Photo by Kathy F. Atkinson
It is pretty basic – choices make people happy. Would you rather write a paper or create an infographic? Would you prefer to contribute to the discussion aloud in class or post your thoughts to a course chat? Choices provide freedom, decrease stress and research shows, increase a student’s desire to do well in a class. 
“It’s not about following someone else’s rules; it’s about you as a student saying I’m going to choose to do X,” said Rose Muravchick, a co-creator of a new University of Delaware resource dedicated to decreasing student stress through course design.
Muravchick and her colleagues in UD’s Center for Teaching and Assessment of Learning (CTAL) pulled together tips to help faculty create better learning environments in their classrooms, both virtual and IRL. Experts in what evidence shows works in teaching and learning, they also sought input from other experts on campus in the Center for Counseling and Student Development as well as Employee Health and Wellbeing. They used their own experiences and conversations with UD instructors and students to develop advice tailored specifically for Blue Hens.
“Anybody can Google anything these days, and we want to make it immediate and specific,” Muravchick said. This also ensured users have up-to-date details about support systems specific to the UD community. For instance, the authors not only suggest instructors include a statement about wellbeing in their syllabi, but provide template language to make it easy. It contains accurate information on how to access services along with carefully crafted language such as “getting help is a smart and courageous thing to do.”
Normalizing mental health awareness is a major reason CTAL and its partners began this process.
“It helps students see that getting help is an okay thing to do,” said Lynn Okagaki, deputy provost for academic affairs. “If faculty acknowledge it, it goes a long way for students.”
The resource provides a smorgasbord of course modifications, including:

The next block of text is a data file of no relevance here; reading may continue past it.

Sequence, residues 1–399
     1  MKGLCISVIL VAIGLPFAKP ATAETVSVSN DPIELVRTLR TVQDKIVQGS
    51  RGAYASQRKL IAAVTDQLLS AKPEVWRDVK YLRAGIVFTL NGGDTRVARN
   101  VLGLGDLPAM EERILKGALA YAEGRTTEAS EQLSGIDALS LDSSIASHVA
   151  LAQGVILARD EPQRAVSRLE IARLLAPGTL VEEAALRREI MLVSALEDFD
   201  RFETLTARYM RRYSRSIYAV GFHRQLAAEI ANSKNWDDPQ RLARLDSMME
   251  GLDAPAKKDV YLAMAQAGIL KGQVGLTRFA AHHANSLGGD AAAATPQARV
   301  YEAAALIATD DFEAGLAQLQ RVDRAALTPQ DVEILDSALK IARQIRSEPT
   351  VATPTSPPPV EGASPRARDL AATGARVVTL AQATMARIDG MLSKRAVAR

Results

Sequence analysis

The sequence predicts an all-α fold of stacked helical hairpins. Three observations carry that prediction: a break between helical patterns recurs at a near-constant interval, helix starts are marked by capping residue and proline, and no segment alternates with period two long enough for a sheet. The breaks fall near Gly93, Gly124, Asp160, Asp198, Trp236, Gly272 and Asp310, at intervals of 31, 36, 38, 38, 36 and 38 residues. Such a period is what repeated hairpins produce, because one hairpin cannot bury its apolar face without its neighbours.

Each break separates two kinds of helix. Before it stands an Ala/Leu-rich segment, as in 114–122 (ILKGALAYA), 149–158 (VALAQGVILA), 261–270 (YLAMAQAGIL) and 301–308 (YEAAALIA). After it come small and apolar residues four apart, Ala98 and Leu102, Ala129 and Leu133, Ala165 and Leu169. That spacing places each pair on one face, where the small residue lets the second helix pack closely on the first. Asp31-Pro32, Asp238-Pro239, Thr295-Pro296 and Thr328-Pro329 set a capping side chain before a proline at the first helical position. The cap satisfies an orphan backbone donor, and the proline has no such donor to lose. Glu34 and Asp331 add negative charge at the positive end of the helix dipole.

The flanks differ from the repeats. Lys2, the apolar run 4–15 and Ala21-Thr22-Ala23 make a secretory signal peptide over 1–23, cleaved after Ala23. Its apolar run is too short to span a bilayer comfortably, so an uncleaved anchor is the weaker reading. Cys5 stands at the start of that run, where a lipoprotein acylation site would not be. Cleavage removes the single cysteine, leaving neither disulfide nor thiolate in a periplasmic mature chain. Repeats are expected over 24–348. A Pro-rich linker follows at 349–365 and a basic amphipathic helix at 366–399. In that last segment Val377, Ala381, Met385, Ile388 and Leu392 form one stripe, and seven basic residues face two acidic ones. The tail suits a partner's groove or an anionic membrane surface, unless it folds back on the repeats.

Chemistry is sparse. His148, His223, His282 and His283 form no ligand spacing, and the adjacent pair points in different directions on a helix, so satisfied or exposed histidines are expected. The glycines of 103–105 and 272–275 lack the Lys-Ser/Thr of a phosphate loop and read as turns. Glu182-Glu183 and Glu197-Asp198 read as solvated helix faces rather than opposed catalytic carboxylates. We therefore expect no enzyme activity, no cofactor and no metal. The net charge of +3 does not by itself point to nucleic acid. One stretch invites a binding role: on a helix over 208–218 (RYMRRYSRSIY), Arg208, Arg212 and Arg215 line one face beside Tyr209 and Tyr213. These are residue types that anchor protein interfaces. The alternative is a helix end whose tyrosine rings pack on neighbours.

Provide opportunities for students to connect with each other.
Consider low-stakes assessments, homework or quizzes where the lowest grade can be dropped.
When possible, build flexibility into due dates.
Begin class with a check-in or mindfulness activity.
The creators realize that, just like their students, every instructor is different, with different preferences. Not every suggestion will work for an individual instructor. 
“But, there’s a long list,” Okagaki said. “Pretty much anyone can do at least one or two of them.”
The final tips offered are specific to instructors’ personal health. CTAL conducted more than 700 one-on-one consultations with instructors since the pandemic began. During those conversations, they began to notice instructors’ stress spiking prompting them to contact Employee Health and Wellness for insights.
“Instructors are humans as well,” Trevett-Smith said. “If they can’t support their own wellbeing, then they certainly can’t support their students and their students’ learning.”
UD’s Center for Teaching and Assessment of Learning offers a variety of programs throughout the year to meet the needs of instructors at every stage of their teaching careers. Services include: one-on-one consultations, programs/workshops, consultations on the development of courses and programs, and guidance on their assessment. The stress reduction module was designed by Muravchick, Trevett-Smith and Stacie Larkin, as part of the educational development team.
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